It's been a while since a soundtrack of original content felt real. Remember when you listened to a soundtrack and felt like it was created solely for the purpose of accompanying the movie it was titled after? Think The Bodyguard, 8 Mile, Shaft, Batman, Moulin Rouge. These days it seems as if nobody thinks an original soundtrack is worth anything due to the dramatic fall in album sales. But they're wrong.
Watching a movie with the perfect soundtrack only enhances the viewing experience. Take for example the recently released Suicide Squad. While the movie isn't exactly the greatest thing in cinematic history it does however display a real chemistry with its soundtrack. The most perfect thing about the movie is the points at which certain songs are brought in. Even having an original song with an all-star cast in the form 'Sucker For Pain' featuring Lil Wayne, Wiz Khalifa, Imagine Dragons, Logic, Ty Dolla $ign and X Ambassadors is a beautiful thing to see and hear. More directors need to insist on original audio content. The faith in soundtracks needs to be restored.
One director renowned for not cutting corners when it comes to soundtracks is Baz Luhrmann. Romeo + Juliet, Moulin Rouge, The Great Gatsby, these are all movies with outstanding soundtracks mostly filled with original content. A man with an incredible creative vision who sees sounds, watching a Baz Luhrmann movie without music just isn't worth watching. Continuing his track record of releasing superb soundtracks, his Netflix series The Get Down is next on the agenda released via his own House of Iona label and Columbia Records.
With two versions available, the Deluxe Edition is by far the more superior. Consisting of 24 tracks, The Get Down: Original Soundtrack From the Netflix Original Series is executive produced by Luhrmann and hip hop icon Nas. From the moment you push play you feel like you're thrown into the mix. Met with subway trains, sirens and graffiti, Jaden Smith (as his character Dizzee) introduces The Get Down, and in a little over a minute listeners are already given an insight into what to expect with the other 23 tracks.
Including music from the show's main three characters – Justice Smith (Ezekiel), Herizen F. Guardiola (Mylene), Shameik Moore (Shaolin Fantastic) – you're offered a better understanding of the show and brought closer into the fold through soulful power ballads ('Be That as it May'), battle raps ('Get Down Brothers vs. Notorious 3'), and poetry ('This Ain't No Fairytale') – it's a nice touch having a constant narrative flowing through the soundtrack pieced together with soundbites and poetry instead of a compilation of random records.
While The Get Down is about the birth of hip hop it's also about the death of disco. So with that said it was only right that the soundtrack feature some disco cuts. But not just your bog standard disco, we're talking C.J. & Co.'s hi-hat happy 'Devil's Gun' and Donna Summer's fun and frolicking 'Bad Girls'. Also revisiting the past for a few funk numbers, Fatback Band's '(Are You Ready) Do the Bus Stop' blends into Sarah Ruba's 'Suga', but it's the inclusion of Garland Jeffreys' rock-tinged 'Wild in the Streets' that sets the soundtrack on fire. Originally written after hearing about a child rape and murder in The Bronx, the passionate despair heard on the 1973 song fits the struggle and strife that The Get Down portrays in its ongoing narrative.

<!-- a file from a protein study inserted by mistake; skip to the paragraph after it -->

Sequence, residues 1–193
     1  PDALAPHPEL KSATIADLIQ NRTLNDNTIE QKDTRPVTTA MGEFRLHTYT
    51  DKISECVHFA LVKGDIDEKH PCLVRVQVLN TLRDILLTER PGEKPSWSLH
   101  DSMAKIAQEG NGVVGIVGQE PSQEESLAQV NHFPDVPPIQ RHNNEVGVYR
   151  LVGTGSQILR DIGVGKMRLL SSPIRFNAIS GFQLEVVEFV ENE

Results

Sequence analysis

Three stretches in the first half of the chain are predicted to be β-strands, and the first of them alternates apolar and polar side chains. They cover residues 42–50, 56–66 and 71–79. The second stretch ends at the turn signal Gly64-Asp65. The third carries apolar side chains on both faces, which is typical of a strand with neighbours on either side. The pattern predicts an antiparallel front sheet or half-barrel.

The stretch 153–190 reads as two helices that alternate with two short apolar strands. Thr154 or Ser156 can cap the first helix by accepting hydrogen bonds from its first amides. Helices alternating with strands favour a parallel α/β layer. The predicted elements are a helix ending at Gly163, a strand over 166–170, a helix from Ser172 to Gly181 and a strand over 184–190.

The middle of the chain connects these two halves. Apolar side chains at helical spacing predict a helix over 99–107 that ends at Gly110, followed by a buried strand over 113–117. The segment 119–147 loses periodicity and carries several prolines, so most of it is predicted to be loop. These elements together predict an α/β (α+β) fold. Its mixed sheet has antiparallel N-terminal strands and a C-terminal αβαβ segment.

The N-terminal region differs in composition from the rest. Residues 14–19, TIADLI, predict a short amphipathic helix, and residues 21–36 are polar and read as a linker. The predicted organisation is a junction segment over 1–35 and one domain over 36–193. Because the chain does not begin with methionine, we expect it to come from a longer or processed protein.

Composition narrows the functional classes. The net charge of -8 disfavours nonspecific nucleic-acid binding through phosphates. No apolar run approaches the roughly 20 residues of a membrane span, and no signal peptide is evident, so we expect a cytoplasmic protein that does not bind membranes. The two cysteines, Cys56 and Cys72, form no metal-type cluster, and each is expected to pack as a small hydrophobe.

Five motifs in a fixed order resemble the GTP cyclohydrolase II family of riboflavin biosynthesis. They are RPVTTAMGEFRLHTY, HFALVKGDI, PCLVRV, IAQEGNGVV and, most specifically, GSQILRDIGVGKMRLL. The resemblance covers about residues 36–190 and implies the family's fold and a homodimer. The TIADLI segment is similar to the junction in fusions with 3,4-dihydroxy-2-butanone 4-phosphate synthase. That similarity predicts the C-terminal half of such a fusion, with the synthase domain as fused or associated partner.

The majority of the soundtrack contains fresh content recorded specifically for the movie. New music from the likes of Miguel ('Cadillac'), Christina Aguilera and Nile Rodgers ('Telepathy'), and ZAYN, Teddy Pendergrass and Grandmaster Flash ('You Can't Hide/ You Can't Hide From Yourself') is easy on the ear, as is the Leon Bridges cover of The Temptations' 'Ball of Confusion'. But it's Raury and Jaden Smith's 'Losing Your Mind' with its strong sense of hip hop soul that really stands out. Lyrically painting a picture of an enquiring mind while the psychedelic hook echoes like someone lost in their own headspace, this particular song creates an image of an early hip hop throw down, but in slow motion.
Other stand out content includes the two Michael Kiwanuka records – 'Rule the World (I Came From the City)' and 'Black Man in a White World (Ghetto Gettysburg Address)'. Taken from his new album, Love and Hate, each record has been remixed specially for The Get Down. Both featuring revered lyricist Nas, the soul piercing the speakers is painfully real, and while Nas' words on 'Rule the World' are from the perspective of Ezekiel - he voices him as an adult in the series - you'd swear he was talking from his own experiences on a record for his own album due to how similar their upbringing seems.
Closing out the soundtrack with one of the most powerful moments in episode one, titled 'Zeke's Poem (I Am the One)' Justice Smith says: "Then I seen the pool of blood, then I seen my moms was dead/ No motion in the commotion, I wasn't even sad, even when I learnt that the bullet was meant for my dad/ Vietnam made pops crazy, he was already half dead/ So why couldn't it have been him that they shot in the head." Over some heartfelt keys, a few painful chants and weeping strings, you're left with no choice but to be emotionally absorbed in the chilling moment that tells the all too familiar story of tragic loss in the black community.
Walking hand in hand with the series like a soundtrack is supposed to do, The Get Down is exceptional. Baz Luhrmann has done it again. Constructing a solid soundtrack with the right amount of original content and previously released music, it's an engaging listen. Telling the story through music is soul stirring. Full of memorable melodies, thought-provoking lyrical content and strong hooks, you're left with a clear vision of what happened during the early stages of hip hop's conception.